This article, based on findings of a small study of people with chronic back pain in Belgium reported in the journal JAMA Neurology, tells readers that if they can only “think differently” and stop “fearing” their pain, such attitude changes combined with “cognition-targeted motor control training” does significantly more than standard physical therapy and back pain “education” to reduce the pain and increase ability to function.
The problem is that the story doesn’t really explain the differences between the standard and experimental therapies, the latter of which is composed of a sort of physical “desensitization” to feared physical movements; and fails to offer any details about the base level of the subjects’ pain, how pain was measured, or why the researchers looked for (and didn’t find) brain changes in the study group.
We were glad the article included an outside expert, who makes clear that the experimental intervention is time intensive, costly, not covered by insurance and — although “promising” — still unproven with respect to long-term benefit compared to standard therapies. That provided some much needed information for the reader.
(Note: Due to an editing error, this story originally was marked with a 2-star score. It has been updated to reflect the correct rating of 3 stars.)
This study focuses on behavioral and educational approaches designed to reframe how patients think about their pain. By emphasizing that “hurt doesn’t mean harm,” the hope is that patients will become more active and that activity may actually reduce pain. This “pain catastrophizing” theory is not really new. As such the description of this study doesn’t make clear what is different from prior studies evaluating this approach. Nonetheless, such efforts are important and need to be replicated in larger studies, so were glad the story ended on that note.
The only mention of cost is at the very end. “The program, however, is quite time-intensive and is not covered by insurance,” Patel said. “Although it’s promising, we really have to see the benefit long-term to justify the cost,” she added.
This isn’t really enough information for a patient to know if it’s within their reach.
The article quotes/attributes a “significant” and “clinically important” reduction of pain, and elsewhere “50 percent less pain,” but offers no baseline of pain against which to compare the outcomes, or what range and level of increased functionality or diminished “fearfulness” was measured.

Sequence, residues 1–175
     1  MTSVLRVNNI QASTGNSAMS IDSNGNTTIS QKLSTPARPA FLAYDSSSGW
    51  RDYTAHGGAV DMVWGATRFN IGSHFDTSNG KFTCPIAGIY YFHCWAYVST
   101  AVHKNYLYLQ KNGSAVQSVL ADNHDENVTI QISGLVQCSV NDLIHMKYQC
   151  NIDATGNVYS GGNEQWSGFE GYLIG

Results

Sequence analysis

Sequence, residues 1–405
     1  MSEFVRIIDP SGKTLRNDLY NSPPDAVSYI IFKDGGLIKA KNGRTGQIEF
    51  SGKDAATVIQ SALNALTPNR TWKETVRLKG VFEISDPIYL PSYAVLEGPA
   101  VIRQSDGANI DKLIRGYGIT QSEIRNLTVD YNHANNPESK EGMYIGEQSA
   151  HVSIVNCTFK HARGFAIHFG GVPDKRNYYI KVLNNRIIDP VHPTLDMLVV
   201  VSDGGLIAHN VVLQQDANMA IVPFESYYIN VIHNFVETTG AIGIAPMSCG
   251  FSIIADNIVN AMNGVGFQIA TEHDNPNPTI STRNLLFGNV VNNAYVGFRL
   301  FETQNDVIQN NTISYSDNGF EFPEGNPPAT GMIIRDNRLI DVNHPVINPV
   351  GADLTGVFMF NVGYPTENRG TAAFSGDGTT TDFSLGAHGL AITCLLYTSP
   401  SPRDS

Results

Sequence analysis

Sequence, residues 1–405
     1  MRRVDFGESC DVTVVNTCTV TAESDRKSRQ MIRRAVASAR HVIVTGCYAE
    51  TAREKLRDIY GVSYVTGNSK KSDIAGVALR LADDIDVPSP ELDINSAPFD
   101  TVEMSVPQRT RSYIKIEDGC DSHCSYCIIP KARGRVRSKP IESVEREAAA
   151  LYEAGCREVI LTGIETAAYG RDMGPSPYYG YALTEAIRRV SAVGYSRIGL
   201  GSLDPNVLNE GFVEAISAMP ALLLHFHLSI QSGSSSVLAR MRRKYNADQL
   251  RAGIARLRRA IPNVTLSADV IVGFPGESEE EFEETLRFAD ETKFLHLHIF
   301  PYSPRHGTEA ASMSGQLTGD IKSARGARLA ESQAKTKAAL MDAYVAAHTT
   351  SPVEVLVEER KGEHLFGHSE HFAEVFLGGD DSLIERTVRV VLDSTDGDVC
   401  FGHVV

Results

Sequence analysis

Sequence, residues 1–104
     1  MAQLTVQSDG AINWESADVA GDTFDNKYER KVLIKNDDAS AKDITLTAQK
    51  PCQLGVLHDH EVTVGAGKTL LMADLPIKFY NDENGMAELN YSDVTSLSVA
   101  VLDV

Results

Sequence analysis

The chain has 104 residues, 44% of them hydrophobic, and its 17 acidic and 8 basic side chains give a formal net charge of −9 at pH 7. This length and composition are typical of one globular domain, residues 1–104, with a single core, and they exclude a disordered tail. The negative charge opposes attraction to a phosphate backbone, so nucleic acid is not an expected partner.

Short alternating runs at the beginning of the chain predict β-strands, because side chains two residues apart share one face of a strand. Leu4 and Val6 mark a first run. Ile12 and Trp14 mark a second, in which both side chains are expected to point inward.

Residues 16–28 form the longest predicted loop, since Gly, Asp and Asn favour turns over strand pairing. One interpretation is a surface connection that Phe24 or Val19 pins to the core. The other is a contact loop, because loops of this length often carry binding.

Although physical therapy and a 12-week program of education about the origins of pain designed to reshape people’s understanding of the pain pathway are not likely to cause harm, it would have been useful to know if any experimental treatment subjects dropped out, failed to finish the program, or felt worse than those in the control group. There is also the potential in such studies for “victim blaming,” or imposing the onus of attitude change on pain patients. Some of the comments of the principal investigator in the article (i.e. patients “should learn to put pain into the right perspective and…avoid fear of moving”) may impose additional burdens on some pain patients.
There aren’t many details about the people in the study, including the substantial age range (18 to mid-60s); the sources of the back pain; the way the pain was measured before and after the interventions, and so on. The reader also won’t learn about the surveys and tests (including brain MRIs) used to measure primary and secondary outcomes. And most of all, the reader will have a hard time understanding just what the two arms of the study involved and what the differences are, given that both involved forms of education and physical therapy. While the background for the intervention is discussed in detail, the nature of the study is barely mentioned.
No mongering here. It is clear that current treatments for chronic low back pain offer patients limited benefits.
An outside expert was quoted and we detected no conflicts of interest that should have been disclosed.
We’ll give this a just-passing rating. There are several brief statements about alternatives. Relevant statements include, “People with chronic back pain often try painkillers and other treatments without success” and “They assigned another 25 men and 35 women to standard care — exercise, and back and neck education.”
The article makes clear that this is an experimental therapy.
Even the careful reader may have a hard time figuring out what is novel about the therapy or the study protocol. This is especially the case with respect to the use of MRI to scan the brains of participants for “morphological” changes — a part of the research that was especially meaningful to the investigators because, in their view, the absence of such changes in the experimental group suggests that such changes are not necessarily a good indicator of pain control or pain abatement.
The story did not appear to rely on a news release.